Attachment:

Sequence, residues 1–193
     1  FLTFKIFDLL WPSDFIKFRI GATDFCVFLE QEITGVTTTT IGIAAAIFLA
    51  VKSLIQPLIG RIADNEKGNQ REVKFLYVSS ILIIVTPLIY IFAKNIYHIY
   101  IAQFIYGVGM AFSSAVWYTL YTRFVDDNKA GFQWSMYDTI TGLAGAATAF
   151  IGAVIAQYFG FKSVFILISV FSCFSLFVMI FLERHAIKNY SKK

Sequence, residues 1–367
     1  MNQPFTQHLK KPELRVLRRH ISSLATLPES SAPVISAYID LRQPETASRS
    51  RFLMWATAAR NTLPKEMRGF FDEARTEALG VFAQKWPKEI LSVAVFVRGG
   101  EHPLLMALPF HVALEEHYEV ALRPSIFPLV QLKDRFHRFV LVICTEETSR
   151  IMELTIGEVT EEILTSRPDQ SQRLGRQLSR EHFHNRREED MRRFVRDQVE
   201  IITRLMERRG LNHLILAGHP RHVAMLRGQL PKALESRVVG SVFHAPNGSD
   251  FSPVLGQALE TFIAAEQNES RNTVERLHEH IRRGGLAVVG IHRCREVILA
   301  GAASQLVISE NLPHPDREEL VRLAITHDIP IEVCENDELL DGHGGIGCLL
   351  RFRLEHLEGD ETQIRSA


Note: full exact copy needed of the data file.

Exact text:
Sequence, residues 1–193
     1  FLTFKIFDLL WPSDFIKFRI GATDFCVFLE QEITGVTTTT IGIAAAIFLA
    51  VKSLIQPLIG RIADNEKGNQ REVKFLYVSS ILIIVTPLIY IFAKNIYHIY
   101  IAQFIYGVGM AFSSAVWYTL YTRFVDDNKA GFQWSMYDTI TGLAGAATAF
   151  IGAVIAQYFG FKSVFILISV FSCFSLFVMI FLERHAIKNY SKK

Sequence, residues 1–367
     1  MNQPFTQHLK KPELRVLRRH ISSLATLPES SAPVISAYID LRQPETASRS
    51  RFLMWATAAR NTLPKEMRGF FDEARTEALG VFAQKWPKEI LSVAVFVRGG
   101  EHPLLMALPF HVALEEHYEV ALRPSIFPLV QLKDRFHRFV LVICTEETSR
   151  IMELTIGEVT EEILTSRPDQ SQRLGRQLSR EHFHNRREED MRRFVRDQVE
   201  IITRLMERRG LNHLILAGHP RHVAMLRGQL PKALESRVVG SVFHAPNGSD
   251  FSPVLGQALE TFIAAEQNES RNTVERLHEH IRRGGLAVVG IHRCREVILA
   301  GAASQLVISE NLPHPDREEL VRLAITHDIP IEVCENDELL DGHGGIGCLL
   351  RFRLEHLEGD ETQIRSA